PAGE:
Saturday, June 21, 2008

Perfume Notes: Vanilla

Since six of my readers tell me they don't care for vanilla in perfume, I thought I'd explain why vanilla is in most perfumes.

The vanilla note is a must for all love potions, as it's long been considered an aphrodiasiac scent molecule. Not only does it smell good on its own, but it enhances the fragrance of other notes, especially woods, spices, peppery notes and florals. If you want your sandalwood to smell stronger or richer, paring it with vanilla can do the trick. A rose is rosier when the right amount of vanilla is added. Vanilla can take the sharp edge off peppery or ginger notes while keeping them true.

Vanilla is also a natural fixative for perfumes. (Not all natural fixatives are safe to use, so vanilla is a good choice.)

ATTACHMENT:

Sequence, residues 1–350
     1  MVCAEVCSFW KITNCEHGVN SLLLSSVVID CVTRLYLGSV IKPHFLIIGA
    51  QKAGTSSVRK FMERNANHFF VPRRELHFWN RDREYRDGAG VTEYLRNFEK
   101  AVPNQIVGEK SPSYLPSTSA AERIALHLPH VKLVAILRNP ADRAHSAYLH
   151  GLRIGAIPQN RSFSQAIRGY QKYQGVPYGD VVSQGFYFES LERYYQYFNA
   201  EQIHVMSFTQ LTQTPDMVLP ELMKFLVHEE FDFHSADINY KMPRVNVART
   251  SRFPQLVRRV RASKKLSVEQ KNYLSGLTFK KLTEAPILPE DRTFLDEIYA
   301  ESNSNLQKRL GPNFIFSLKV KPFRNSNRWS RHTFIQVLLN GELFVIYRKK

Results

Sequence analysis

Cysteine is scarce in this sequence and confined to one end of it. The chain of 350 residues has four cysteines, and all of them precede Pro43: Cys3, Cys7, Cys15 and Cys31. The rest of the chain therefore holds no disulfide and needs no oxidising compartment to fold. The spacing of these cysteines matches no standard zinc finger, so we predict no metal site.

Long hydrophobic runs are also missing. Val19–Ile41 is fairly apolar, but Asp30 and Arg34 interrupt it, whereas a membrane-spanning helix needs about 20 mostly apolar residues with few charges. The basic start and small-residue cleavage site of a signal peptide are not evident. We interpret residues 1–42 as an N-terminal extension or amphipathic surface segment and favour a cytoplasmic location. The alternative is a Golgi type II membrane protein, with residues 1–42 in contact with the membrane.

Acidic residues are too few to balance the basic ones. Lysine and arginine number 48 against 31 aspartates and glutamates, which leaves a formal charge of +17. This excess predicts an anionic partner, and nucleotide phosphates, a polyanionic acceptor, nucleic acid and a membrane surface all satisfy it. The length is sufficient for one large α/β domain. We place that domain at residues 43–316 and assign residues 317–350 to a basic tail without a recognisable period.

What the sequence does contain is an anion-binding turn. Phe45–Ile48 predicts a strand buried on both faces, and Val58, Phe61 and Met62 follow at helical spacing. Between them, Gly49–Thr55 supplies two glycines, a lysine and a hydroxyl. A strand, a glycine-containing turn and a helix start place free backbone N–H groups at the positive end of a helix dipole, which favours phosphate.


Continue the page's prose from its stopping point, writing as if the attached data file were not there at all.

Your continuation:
I love the way Guerlain and Goutal use vanilla in their fragrance bases. It's always there, but so well done, so well blended, that it doesn't stand out, except in the creations they want it to stand out in (for Annick Goutal that would be the almondy soft Vanilla Exquise and for Guerlain the delicious smoky Spiritueuse Double Vanille.)

Vanilla planifolia is just like every other note in perfumery, you'll love the way it's handled in one scent, and dislike it in another. ( I used to say I couldn't wear any perfumes with a cinnamon note in them--until I found I'd been happily wearing a few for several years.) It's impossible for me to list every single note when describing a perfume, so mostly I list a small percentage, to give a general idea of what the perfume might be like. However, the only way to tell is to smell.

Chances are though, if you don't like pure vanilla when baking or eating desserts, you're not going to enjoy a gourmand perfume like Hanae Mori's Butterfly or other perfumes that may use a larger amount of vanilla. Each perfumer or fragrance company has their own way of blending vanilla, and the quality varies.

Visual: Vintage perfume poster / Asia.